Online reviews are one of the primary tools people use to determine which companies deserve their business. In 2021, 98% of consumers reported considering them an essential resource when shopping, up from 89% in 2018[1].

However, as helpful as crowdsourced online reviews can be, you can’t always take them at face value. They often present a skewed depiction of the typical customer’s experience, which can cause you to select products and service providers that may not be the best choice for you.

This guide will show you how to evaluate online reviews critically so you can make better-informed purchase decisions.

Why Should You Be Skeptical of Online Reviews?

Online reviews can be invaluable, and I’d never tell you to disregard them entirely. Honestly, you’d have to drag me kicking and screaming to get me into a Mexican restaurant with less than 4.5 stars on Yelp.

However, you must read online reviews with a skeptical eye. Every party involved in their creation has an agenda, and they can easily mislead you.

For example, some of the most significant biases to be aware of in online reviews include the following:

  • Reviewer bias: People are more likely to leave reviews when things go wrong than right, skewing ratings downward. Not only does the human mind naturally focus on the negative more than the positive, but leaving a complaint on a business’s page may resolve your issue.
  • Business bias: Companies have a vested interest in keeping their profiles positive. Even a single unfavorable review can drive away customers. As a result, they’ll often do whatever they can to increase their ratings, including using tactics like paying to remove negative reviews or add fake complimentary ones. 
  • Platform bias: It’s in each platform’s interest to be known as an impartial source of customer reviews. However, they’re also profit-driven and may accept compensation for letting businesses manipulate their own or other profiles.

The sheer volume of customer reviews on popular websites can mitigate the impact of these biases to some degree, but they’re always present. As a result, you should remain suspicious of online claims and learn to analyze their odds of legitimacy.

How to Evaluate Online Review Platforms

When evaluating the validity of online reviews, first consider the platform where they’re listed, as there are significant differences between them. Let’s cover some ways you can decide how much trust to place in reviews based on where you find them.

Research Their History and Reputation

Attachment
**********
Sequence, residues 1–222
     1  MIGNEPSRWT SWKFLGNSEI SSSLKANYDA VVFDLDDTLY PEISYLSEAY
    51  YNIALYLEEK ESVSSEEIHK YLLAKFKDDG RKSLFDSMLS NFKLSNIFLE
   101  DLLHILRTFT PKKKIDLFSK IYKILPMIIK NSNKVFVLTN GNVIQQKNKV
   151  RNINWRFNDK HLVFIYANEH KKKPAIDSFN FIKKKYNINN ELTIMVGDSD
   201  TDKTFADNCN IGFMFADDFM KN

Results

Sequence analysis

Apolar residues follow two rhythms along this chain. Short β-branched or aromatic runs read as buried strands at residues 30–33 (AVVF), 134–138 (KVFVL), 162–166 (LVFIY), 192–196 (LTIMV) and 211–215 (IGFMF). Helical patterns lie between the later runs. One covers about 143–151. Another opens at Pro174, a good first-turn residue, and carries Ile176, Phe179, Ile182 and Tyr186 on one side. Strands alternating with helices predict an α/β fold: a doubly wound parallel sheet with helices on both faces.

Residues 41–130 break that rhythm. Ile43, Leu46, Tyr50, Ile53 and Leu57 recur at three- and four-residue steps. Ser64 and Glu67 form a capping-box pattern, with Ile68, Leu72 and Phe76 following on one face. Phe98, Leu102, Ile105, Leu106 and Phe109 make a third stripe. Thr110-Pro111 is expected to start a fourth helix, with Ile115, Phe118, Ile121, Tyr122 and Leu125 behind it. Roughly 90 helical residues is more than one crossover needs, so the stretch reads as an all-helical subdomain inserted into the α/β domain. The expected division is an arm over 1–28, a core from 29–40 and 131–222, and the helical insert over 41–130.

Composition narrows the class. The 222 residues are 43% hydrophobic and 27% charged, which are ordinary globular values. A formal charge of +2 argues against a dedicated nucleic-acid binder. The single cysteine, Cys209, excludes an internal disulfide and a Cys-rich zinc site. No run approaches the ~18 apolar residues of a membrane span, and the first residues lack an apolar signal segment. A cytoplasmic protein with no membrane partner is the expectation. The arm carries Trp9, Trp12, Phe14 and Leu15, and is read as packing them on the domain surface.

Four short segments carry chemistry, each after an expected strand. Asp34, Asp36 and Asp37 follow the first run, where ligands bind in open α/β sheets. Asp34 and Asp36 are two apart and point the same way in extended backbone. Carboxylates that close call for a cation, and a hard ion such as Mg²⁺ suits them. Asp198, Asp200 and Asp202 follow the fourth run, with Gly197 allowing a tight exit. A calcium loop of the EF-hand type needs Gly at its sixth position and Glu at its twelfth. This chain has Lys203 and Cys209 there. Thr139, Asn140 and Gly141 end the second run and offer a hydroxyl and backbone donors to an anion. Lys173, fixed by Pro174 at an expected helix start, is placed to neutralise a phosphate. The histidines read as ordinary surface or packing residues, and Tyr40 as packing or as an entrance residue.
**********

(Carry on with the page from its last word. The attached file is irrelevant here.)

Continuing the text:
Examining a review site’s background can help reveal its relative trustworthiness. In addition to doing direct research, it’s often helpful to read through forums like Reddit for insight into other people’s opinions.

Some areas you might want to investigate include:

  • How long has the platform been in business?
  • Has it maintained a respectable reputation in most circles?
  • Has the platform ever been criticized or penalized for dishonest practices?

For example, the Better Business Bureau (BBB) is one of the oldest organizations in the business of rating companies. Founded in 1912, it’s maintained a relatively respected reputation for over 100 years. It filters customer reviews more than most platforms, hence its lower review volume, and assigns its own ratings.

However, its track record isn’t spotless. There have been accusations that the BBB gives oddly high ratings to known fraudulent organizations, charges businesses for accreditations, and unfairly favors companies that pay them more.

The BBB also has a reputation as a place where people go to complain about a problem, which can cause it to attract negative reviews.

Explore Their Manipulation Prevention Tactics 

Review platforms can use multiple tools and techniques to prevent businesses from manipulating their profiles. Some of those measures include:

  • Identity verification: Require that a reviewer demonstrate they’re a person by providing information like their name, phone number, and email address. 
  • Transaction verification: Require that a reviewer prove they’re a real customer who made a verifiable purchase from the business they’re reviewing.
  • Detection algorithms: Use proprietary software to monitor reviews and prevent or eliminate ones that might be fake, incentivized, or otherwise misleading.
  • Manual monitoring: Allow site users to report suspicious or otherwise problematic reviews and have staff that assesses the flagged reviews.

Most popular review sites share the strategies they use to promote accuracy. For example, Trustpilot details how its reviews work and its tactics for combating fake reviews. It also publishes an annual Transparency Report. If you struggle to identify a platform’s policies, that should also tell you something.

Unfortunately, you may find out that there’s a difference between what platforms claim they do and what they actually do. Trustpilot is an example of this. The company talks a lot about fairness and transparency, but it has a reputation for being one of the less reliable review platforms.

I can attest that many of the most scammy businesses I’ve investigated have glowing Trustpilot review pages. Meanwhile, they receive harsh criticism and one-star ratings on other review sites.

How to Evaluate Online Reviews Individually

One of the most important skills for evaluating a business’s online reputation is the ability to analyze reviews individually. Let’s look at some of the best ways to determine whether one is trustworthy.

Investigate the Reviewer’s Profile

The first question you should ask when deciding if you can trust a review is whether it comes from a real person. Here are some data points you can consider to determine how likely a profile is to be legitimate:

  • Reviewer name: Fake reviews are often attributed to people with generic names, like John Smith. Alternatively, they may display an anonymous username with random number sequences.
  • Other reviews: Fake review bots tend to leave only one review. Real people usually make multiple for the various businesses they’ve patronized over the years.
  • Profile age: A profile created on the same day it leaves its only review is more likely to be fake. An account that’s been active for months or years probably belongs to a real person.